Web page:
Posted: Friday, December 2, 2011 4:21 pm – Orlando Medical News
Most experts agree that the contractual relationships between healthcare providers and managed care organizations (MCO’s) have not matured as expected from a strategic, financial, or operational perspective. In fact, the integrity and longevity of many managed care contracts has deteriorated.
Physicians have been forced by insurers to play a guessing game when it comes to the amounts they should bill. This is a losing game. Approximately 20% of medical claims are paid incorrectly, 1 out of 5!
There are tens of thousands of CPT® codes and hundreds of insurers and plans. All pay varying amounts. Few practices can deal with this situation. The insurers have armies of staff and physicians only a few already overworked to exhaustion and barely keeping their heads above water.
Administrative complexity and inefficiency are major cost-drivers in a largely fragmented health care delivery system. A typical physician practice must contend with each payer’s way of contracting, credentialing, preauthorizing, coding, billing and reimbursing.
Health insurer contracting and billing represent the major sources of administrative burden for physicians. Physicians divert substantial resources – as much as 14 percent of their total revenue – to ensure accurate insurance payments for their services
If physicians guess high their claim can be rejected or delayed. If they guess low the insurers gladly underpay. When claims are delayed the money earns interest for the insurers and costs the physician dearly.
A fair system would be easy to implement. The physician files a claim, the insurer knowing full well what to pay according to their contracts pays the maximum allowable, simple. Except for the lost millions in undeserved interest and ill gotten gains obtained by short changing the doctors. The board of directors of an insurer would crucify the CEO that proposed such an outlandish scheme.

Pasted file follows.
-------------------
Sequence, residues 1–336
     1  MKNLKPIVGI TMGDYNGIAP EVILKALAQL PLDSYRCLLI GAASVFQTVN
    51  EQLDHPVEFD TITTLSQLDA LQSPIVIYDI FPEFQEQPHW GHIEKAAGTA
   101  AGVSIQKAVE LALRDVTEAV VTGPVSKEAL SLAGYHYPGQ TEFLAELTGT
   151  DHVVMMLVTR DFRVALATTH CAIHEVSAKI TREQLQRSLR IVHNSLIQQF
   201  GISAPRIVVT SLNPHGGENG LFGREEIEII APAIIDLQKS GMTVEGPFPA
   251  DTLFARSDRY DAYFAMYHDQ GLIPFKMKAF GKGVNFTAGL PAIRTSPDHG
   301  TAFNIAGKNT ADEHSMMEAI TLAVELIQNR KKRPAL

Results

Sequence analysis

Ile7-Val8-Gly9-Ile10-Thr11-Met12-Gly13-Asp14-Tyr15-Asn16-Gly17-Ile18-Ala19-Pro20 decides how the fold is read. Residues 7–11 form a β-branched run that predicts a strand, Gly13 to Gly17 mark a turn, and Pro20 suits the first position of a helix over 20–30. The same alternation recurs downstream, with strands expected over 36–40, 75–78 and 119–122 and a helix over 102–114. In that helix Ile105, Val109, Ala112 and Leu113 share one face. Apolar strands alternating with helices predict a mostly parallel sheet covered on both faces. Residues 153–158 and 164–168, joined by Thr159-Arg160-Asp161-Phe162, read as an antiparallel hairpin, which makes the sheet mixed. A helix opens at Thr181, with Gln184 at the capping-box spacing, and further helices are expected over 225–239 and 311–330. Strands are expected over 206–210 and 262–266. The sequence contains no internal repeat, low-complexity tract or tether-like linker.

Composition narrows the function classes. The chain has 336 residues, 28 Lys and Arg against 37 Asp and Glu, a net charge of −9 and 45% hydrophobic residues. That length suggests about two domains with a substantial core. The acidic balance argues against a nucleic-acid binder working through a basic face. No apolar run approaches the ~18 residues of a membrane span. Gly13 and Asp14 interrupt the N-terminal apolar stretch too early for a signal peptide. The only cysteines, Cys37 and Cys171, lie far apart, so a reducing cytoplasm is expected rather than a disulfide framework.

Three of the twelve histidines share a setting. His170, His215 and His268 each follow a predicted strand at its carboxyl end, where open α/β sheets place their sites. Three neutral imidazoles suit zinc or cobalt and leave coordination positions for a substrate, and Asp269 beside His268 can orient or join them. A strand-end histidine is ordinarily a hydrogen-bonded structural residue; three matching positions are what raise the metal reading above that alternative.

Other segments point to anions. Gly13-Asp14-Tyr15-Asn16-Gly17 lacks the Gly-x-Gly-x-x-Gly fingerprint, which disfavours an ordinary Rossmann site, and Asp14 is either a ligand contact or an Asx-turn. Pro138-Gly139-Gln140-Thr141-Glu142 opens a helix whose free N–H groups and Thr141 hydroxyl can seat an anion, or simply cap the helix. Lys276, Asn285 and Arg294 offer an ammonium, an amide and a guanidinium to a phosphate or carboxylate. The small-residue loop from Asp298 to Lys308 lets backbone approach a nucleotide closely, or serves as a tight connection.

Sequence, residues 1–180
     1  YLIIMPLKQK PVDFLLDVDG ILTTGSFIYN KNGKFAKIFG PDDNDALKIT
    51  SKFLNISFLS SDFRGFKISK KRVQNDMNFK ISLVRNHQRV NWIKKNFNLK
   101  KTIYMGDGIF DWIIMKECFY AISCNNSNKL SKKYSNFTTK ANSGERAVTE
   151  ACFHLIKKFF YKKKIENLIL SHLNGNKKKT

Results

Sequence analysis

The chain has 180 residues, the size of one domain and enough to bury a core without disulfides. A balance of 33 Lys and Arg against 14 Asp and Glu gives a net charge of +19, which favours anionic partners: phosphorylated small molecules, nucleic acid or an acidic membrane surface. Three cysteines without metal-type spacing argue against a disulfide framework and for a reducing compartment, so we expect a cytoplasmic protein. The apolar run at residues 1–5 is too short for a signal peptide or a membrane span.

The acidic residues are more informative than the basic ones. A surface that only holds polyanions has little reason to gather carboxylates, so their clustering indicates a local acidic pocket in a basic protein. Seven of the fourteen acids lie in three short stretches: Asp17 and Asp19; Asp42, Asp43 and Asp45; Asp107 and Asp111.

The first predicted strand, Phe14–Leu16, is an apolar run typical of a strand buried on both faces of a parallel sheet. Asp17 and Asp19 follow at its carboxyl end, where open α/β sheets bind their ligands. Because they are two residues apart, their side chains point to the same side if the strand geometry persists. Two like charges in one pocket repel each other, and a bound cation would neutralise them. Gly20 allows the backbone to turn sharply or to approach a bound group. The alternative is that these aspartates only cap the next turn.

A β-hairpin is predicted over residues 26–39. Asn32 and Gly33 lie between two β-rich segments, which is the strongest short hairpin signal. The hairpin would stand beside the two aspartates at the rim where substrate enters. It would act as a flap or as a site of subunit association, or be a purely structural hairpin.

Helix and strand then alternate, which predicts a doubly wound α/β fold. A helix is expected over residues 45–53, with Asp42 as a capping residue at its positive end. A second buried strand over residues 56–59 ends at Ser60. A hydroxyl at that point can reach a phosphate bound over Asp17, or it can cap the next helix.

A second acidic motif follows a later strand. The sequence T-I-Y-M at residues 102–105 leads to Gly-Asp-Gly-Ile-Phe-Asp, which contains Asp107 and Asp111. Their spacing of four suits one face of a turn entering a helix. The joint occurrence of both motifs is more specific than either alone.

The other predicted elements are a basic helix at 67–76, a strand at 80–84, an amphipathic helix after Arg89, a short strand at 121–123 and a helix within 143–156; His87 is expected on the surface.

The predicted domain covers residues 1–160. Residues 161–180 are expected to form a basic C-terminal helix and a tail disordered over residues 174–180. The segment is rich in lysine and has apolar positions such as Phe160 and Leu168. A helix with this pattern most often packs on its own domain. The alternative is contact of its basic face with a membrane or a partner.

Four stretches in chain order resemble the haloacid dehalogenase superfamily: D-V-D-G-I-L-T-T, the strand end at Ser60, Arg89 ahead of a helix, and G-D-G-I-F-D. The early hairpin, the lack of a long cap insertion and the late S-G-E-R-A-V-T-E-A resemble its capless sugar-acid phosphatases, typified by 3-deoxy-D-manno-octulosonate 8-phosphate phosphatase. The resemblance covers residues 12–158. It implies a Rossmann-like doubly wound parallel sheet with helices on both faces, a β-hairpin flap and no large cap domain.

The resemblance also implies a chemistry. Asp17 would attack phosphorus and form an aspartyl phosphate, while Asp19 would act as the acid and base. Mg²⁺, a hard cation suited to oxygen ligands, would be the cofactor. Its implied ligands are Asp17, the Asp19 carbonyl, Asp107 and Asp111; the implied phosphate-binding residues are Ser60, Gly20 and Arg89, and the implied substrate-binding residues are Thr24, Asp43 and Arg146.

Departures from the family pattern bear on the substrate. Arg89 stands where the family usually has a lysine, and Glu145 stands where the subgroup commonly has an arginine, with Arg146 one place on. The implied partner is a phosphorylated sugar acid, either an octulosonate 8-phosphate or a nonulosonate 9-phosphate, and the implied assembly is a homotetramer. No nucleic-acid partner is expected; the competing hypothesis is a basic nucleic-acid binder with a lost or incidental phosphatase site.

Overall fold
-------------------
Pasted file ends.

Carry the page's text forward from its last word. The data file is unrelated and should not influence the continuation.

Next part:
The focus for physicians, regarding contracts, has to be on (1) payment terms (allowables) and any proposed changes (year-to-year), (2) payer reimbursement compliance, and (3) physician fee vs. contract allowable.
The physicians contract is at the center of the reimbursement issue; specifically “payment terms.” This has been un-manageable for many physicians; it’s not that they don’t care; it’s that their practices have turned into revolving doors to try and keep up with declining reimbursements and the demand for healthcare.
The physicians themselves point out that while the administrative costs of operating a doctor’s office have risen and the demands on them have increased, reimbursement rates from insurers have stagnated.
Consider this, a family practitioner can spend up to an hour with one patient and be reimbursed in the area of $75.00; factor in expenses and you see the problem. At the end of the day physicians must identify and manage these contracts. It is no longer sufficient to trust their income to others.
Physicians spend an average of 142 hours a year interacting with health insurers at an estimated cost of $31 billion, or $68,274 per physician, according to a national study of doctors and medical group administrators that appeared in the journal Health Affairs.
Managed care contracts are one of the most important drivers of a healthcare organization’s financial reimbursement, cash flow and profitability. A well-developed managed care contracting strategy is integral to understanding, planning for, and controlling revenue streams. The effective use of analysis can lead to major revenue enhancements and overall improved financial performance for your practice – without necessitating any changes in day-to-day operations.
While waiting for the sun to flame out, and for the insurers to be fair with physicians, there is help. CodeToolz.com, now available on smartphones contains a database that can calculate for any insurer and plan what the maximum allowable is. It contains over ten years of CPT® codes (all AMA-approved codes) and Medicare base amounts. Instead of guessing, doctors use the maximum allowable amounts and get paid exactly what they have earned and deserve every time.
Physicians in private practice are going extinct and we propose that underpaying is a major cause. The time has come to fix this. We are doing our part and in that spirit we are making our service available for free to any and all doctors. We are allowing sponsors to pay to get an unobtrusive banner ad on the screen.
CPT® codes and descriptions are copyright 2010 American Medical Association. All rights reserved. CPT® is a registered trademark of the American Medical Association (AMA).